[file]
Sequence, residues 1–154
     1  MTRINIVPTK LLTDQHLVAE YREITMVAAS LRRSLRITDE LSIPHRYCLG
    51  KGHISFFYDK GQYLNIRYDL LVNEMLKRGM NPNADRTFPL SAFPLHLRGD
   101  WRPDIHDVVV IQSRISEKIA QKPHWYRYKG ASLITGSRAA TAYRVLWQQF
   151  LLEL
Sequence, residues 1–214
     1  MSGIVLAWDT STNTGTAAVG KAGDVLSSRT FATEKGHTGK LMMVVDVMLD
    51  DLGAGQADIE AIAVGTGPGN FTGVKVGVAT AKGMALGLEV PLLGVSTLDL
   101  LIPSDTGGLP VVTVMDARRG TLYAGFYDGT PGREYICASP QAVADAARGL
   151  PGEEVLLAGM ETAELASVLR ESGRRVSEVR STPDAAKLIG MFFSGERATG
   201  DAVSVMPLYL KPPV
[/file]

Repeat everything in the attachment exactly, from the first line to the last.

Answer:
Sequence, residues 1–154
     1  MTRINIVPTK LLTDQHLVAE YREITMVAAS LRRSLRITDE LSIPHRYCLG
    51  KGHISFFYDK GQYLNIRYDL LVNEMLKRGM NPNADRTFPL SAFPLHLRGD
   101  WRPDIHDVVV IQSRISEKIA QKPHWYRYKG ASLITGSRAA TAYRVLWQQF
   151  LLEL
Sequence, residues 1–214
     1  MSGIVLAWDT STNTGTAAVG KAGDVLSSRT FATEKGHTGK LMMVVDVMLD
    51  DLGAGQADIE AIAVGTGPGN FTGVKVGVAT AKGMALGLEV PLLGVSTLDL
   101  LIPSDTGGLP VVTVMDARRG TLYAGFYDGT PGREYICASP QAVADAARGL
   151  PGEEVLLAGM ETAELASVLR ESGRRVSEVR STPDAAKLIG MFFSGERATG
   201  DAVSVMPLYL KPPV